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Sensors 2012, 12(9), 11559-11570; doi:10.3390/s120911559

A Method for Evaluating the Electro-Mechanical Characteristics of Piezoelectric Actuators during Motion
Tao Jin 1,*, Akihiro Takita 1, Mitra Djamal 2, Wenmei Hou 3, Hongzhi Jia 3 and Yusaku Fujii 1
Department of Electronic Engineering, Faculty of Engineering, Gunma University, 1-5-1 Tenjin-cho, Kiryu, Gunma 376-8515, Japan
Department of Physics, Faculty of Mathematics and Natural Sciences, Institut Teknologi Bandung, Jalan Ganesa 10, Bandung 40132, Indonesia
Shanghai Key Laboratory of Modern Optical System, School of Optical-Electrical and Computer Engineering, University of Shanghai for Science and Technology, Shanghai 200093, China
Author to whom correspondence should be addressed; Tel./Fax: +81-277-301-748.
Received: 15 June 2012; in revised form: 8 August 2012 / Accepted: 14 August 2012 / Published: 24 August 2012


: The electro-mechanical characteristics of piezoelectric actuators which have being driven are evaluated in this paper. The force generated by actuators is measured as an inertial force of a corner cub prism which is attached to the actuators. The Doppler frequency shift of a laser beam, due to the motion of actuator, is accurately measured by a heterodyne interferometer. Subsequently, the mechanical quantities, such as velocity, acceleration, force, power and displacement, are calculated from the Doppler frequency shift. With the measurement results of current and voltage of the actuator, the relationships between electrical and mechanical characteristics are evaluated.
piezo actuator; Doppler frequency shift; dynamic measurement; interferometer

1. Introduction

Piezo-electric (PZT) actuator, with high stiffness, compact size and high resolution, has been applied in many areas related to precision position and force control and/or measure [13]. The static output characteristics of conventional PZT actuator are typically evaluated by standard static methods, e.g., using static weights under static conditions. The dynamic outputs of PZT actuator including force and displacement are usually measured by using force and displacement transducer, respectively. However, so far, no standard dynamic calibration method for force transducer has been proposed. In other words, the uncertainly of transducer influences the accuracy of dynamic measuring results.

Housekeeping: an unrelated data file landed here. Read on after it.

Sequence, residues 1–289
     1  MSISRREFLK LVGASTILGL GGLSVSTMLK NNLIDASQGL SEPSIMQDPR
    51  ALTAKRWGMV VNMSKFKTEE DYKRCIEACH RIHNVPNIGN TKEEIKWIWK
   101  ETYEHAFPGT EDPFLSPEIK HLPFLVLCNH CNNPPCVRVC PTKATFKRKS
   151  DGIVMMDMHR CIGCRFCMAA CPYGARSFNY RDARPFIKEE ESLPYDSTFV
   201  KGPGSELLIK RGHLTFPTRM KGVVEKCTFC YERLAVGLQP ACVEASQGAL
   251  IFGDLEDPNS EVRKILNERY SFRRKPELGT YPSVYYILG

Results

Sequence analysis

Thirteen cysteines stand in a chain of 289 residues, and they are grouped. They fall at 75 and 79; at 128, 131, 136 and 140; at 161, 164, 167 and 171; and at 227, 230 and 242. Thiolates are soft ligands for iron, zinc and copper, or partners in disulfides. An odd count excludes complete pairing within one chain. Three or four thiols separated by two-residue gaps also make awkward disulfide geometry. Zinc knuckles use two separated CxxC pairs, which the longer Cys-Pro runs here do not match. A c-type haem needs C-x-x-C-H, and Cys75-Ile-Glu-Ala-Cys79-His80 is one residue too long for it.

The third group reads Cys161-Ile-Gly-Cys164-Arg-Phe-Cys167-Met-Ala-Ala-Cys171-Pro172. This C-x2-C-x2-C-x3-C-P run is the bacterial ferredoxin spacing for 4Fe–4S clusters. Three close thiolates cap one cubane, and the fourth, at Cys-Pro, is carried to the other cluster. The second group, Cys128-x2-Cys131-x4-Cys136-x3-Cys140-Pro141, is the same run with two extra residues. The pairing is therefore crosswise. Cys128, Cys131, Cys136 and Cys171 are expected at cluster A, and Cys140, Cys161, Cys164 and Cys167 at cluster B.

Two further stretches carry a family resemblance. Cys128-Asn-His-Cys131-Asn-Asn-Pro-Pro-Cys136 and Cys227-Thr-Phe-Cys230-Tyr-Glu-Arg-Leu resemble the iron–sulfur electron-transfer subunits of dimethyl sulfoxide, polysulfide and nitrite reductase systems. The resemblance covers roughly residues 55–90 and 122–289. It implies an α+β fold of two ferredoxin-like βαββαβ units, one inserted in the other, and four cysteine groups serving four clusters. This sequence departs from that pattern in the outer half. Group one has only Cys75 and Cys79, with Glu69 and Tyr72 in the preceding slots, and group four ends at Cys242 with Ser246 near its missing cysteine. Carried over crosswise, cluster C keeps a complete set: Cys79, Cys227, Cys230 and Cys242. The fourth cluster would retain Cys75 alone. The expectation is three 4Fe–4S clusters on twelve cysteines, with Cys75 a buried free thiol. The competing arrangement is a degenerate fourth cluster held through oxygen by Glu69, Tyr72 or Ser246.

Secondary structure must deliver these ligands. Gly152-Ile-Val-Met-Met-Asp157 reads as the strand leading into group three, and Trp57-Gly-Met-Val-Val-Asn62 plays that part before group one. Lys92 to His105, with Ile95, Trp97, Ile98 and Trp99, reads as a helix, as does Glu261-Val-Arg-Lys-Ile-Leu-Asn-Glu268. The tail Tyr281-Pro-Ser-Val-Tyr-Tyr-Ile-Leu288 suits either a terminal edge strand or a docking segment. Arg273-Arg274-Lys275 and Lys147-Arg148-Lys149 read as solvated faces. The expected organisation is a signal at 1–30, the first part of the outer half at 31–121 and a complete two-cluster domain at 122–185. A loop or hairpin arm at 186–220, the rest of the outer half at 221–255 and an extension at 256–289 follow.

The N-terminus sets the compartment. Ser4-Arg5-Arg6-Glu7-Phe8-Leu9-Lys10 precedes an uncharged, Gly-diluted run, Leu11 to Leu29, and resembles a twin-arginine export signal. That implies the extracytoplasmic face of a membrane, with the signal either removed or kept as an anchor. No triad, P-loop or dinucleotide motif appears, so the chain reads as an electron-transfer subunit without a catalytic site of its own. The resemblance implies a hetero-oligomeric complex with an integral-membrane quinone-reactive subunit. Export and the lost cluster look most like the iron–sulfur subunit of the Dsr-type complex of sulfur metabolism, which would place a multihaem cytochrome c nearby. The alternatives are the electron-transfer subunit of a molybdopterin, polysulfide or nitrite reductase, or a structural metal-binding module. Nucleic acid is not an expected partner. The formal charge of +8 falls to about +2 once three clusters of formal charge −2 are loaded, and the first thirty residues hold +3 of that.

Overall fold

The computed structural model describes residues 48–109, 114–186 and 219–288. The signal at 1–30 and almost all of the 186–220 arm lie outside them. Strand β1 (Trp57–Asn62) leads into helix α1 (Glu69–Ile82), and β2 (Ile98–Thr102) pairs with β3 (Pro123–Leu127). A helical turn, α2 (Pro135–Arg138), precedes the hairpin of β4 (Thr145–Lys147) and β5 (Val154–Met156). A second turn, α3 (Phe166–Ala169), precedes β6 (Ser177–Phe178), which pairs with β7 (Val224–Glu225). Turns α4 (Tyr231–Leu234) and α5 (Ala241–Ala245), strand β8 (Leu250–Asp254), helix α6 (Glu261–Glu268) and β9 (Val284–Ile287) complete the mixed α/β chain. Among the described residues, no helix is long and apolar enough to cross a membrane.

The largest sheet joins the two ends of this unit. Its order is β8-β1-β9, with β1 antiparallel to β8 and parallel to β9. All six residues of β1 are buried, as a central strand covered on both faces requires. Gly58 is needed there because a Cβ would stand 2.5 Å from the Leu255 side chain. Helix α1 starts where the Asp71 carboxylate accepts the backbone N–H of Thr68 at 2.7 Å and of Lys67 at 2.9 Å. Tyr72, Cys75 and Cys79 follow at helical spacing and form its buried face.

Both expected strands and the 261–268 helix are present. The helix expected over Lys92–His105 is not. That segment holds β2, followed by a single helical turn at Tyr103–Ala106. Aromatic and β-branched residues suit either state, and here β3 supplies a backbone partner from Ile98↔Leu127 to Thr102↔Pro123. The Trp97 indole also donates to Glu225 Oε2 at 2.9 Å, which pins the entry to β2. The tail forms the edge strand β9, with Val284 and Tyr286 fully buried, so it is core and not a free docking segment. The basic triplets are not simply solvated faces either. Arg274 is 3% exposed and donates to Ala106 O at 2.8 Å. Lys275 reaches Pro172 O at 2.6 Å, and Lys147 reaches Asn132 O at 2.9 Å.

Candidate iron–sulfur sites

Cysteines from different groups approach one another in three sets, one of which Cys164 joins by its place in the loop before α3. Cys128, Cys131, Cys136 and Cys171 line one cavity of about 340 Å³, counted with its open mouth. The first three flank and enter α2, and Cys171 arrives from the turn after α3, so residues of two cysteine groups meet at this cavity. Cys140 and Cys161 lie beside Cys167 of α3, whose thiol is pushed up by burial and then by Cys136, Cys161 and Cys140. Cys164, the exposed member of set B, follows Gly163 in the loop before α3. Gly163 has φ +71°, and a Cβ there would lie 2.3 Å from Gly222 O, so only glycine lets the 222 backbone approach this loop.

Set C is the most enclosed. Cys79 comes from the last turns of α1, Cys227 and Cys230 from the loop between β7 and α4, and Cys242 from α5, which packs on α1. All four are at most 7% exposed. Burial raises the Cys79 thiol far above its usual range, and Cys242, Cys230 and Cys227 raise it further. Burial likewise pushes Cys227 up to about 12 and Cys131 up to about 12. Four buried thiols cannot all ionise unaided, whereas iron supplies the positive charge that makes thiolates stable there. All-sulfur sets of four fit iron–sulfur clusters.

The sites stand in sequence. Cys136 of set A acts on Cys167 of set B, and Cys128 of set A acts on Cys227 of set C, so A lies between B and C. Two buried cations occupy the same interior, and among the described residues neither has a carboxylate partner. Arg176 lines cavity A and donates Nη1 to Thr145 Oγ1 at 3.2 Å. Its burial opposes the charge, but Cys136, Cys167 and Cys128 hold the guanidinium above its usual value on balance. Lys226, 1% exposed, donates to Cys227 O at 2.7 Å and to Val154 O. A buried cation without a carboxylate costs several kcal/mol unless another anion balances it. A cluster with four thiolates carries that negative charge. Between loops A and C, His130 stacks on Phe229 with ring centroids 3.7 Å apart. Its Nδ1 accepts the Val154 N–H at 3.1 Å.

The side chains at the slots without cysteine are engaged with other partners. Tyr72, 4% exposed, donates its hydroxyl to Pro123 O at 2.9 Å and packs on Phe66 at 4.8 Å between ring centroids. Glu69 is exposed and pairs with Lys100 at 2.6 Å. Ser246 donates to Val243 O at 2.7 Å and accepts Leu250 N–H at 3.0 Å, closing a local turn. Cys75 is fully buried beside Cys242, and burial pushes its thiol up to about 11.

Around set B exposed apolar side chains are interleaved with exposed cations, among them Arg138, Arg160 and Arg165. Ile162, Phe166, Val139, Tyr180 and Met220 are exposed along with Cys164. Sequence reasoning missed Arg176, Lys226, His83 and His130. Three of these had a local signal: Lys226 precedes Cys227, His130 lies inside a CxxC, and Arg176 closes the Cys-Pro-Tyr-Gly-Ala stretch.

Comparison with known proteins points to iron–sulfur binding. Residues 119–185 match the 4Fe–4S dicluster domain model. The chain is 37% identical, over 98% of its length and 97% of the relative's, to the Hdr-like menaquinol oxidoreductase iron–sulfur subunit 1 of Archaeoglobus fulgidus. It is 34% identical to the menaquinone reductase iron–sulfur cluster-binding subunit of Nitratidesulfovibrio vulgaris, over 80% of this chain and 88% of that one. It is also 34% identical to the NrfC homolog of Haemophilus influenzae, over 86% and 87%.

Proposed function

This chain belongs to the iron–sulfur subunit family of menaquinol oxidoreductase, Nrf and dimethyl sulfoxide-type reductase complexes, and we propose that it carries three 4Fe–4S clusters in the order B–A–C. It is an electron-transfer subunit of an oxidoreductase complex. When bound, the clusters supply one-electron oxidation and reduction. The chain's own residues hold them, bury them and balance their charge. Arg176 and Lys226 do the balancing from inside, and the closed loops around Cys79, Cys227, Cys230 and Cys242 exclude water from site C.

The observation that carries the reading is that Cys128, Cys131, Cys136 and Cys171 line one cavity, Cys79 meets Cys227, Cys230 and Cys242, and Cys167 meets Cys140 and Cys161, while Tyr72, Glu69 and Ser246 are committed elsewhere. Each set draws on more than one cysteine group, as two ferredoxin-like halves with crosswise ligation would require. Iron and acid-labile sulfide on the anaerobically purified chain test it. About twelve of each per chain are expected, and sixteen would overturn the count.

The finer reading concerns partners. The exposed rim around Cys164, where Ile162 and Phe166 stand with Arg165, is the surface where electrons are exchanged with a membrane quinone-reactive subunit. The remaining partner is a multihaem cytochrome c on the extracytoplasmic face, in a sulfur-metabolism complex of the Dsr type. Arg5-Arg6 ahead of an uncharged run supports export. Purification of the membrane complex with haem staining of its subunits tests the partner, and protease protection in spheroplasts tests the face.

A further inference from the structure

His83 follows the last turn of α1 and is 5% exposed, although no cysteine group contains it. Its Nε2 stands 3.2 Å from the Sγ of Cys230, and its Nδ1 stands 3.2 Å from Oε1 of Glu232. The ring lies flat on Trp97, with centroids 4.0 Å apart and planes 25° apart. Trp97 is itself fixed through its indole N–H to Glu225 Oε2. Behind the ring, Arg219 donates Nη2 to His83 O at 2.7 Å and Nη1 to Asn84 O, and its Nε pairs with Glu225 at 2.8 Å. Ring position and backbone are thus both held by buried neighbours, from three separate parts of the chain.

Instead of force transducer, a spring-mass-damper (SMD) is used for dynamic analysis characteristics of actuators [4,5]. The dynamic force is measured as the impedance interactions between actuators and load structure, i.e., SMD. In this method, the stiffness of spring and the coefficient of piezoelectric thin film stocked in actuator during motion direction are considered constant. However, compound components such as piezo-stack actuators can not be described sufficiently by piezoelectric coefficients, which vary with temperature, pressure, electric field, mechanical and electrical boundary conditions etc. [6,7]. A mass was loaded to PZT actuator by using a rotating arm via a high stiffness transmission rod [8]. Several displacement transducers were used to measure the rotation of the arm in order to calculate the force generated or applied on PZT actuator. In this device, the accuracy of displacement measurement is sensitive to temperature. Some models for the dynamic analysis of the electro-mechanical characteristics of PZT actuator are proposed [9,10]. In those models, the design of mechanical parameters is based on testing actuator with dead weight, known structure or transducer etc. Several kinds of interferometer, such as signal frequency interferometer, laser Doppler interferometer and laser diode interferometer etc., are introduced to accurately measure the displacement of actuators/piezoelectric thin film [11,12]. However, they failed to measure the dynamic force. Some studies, in which dynamic responses of force transducers against some typical dynamic forces, such as impact force [13], step force [14] and oscillation force [15], are mentioned based on the Levitation Mass Method (LMM). In the LMM, the inertial force of a mass, which is levitated using an aerostatic linear bearing with sufficiently small friction [16], is used. Acceleration of the mass is accurately measured by means of an optical interferometer [17]. The LMM has been applied to dynamic calibration for force transducers and material testers [18,19].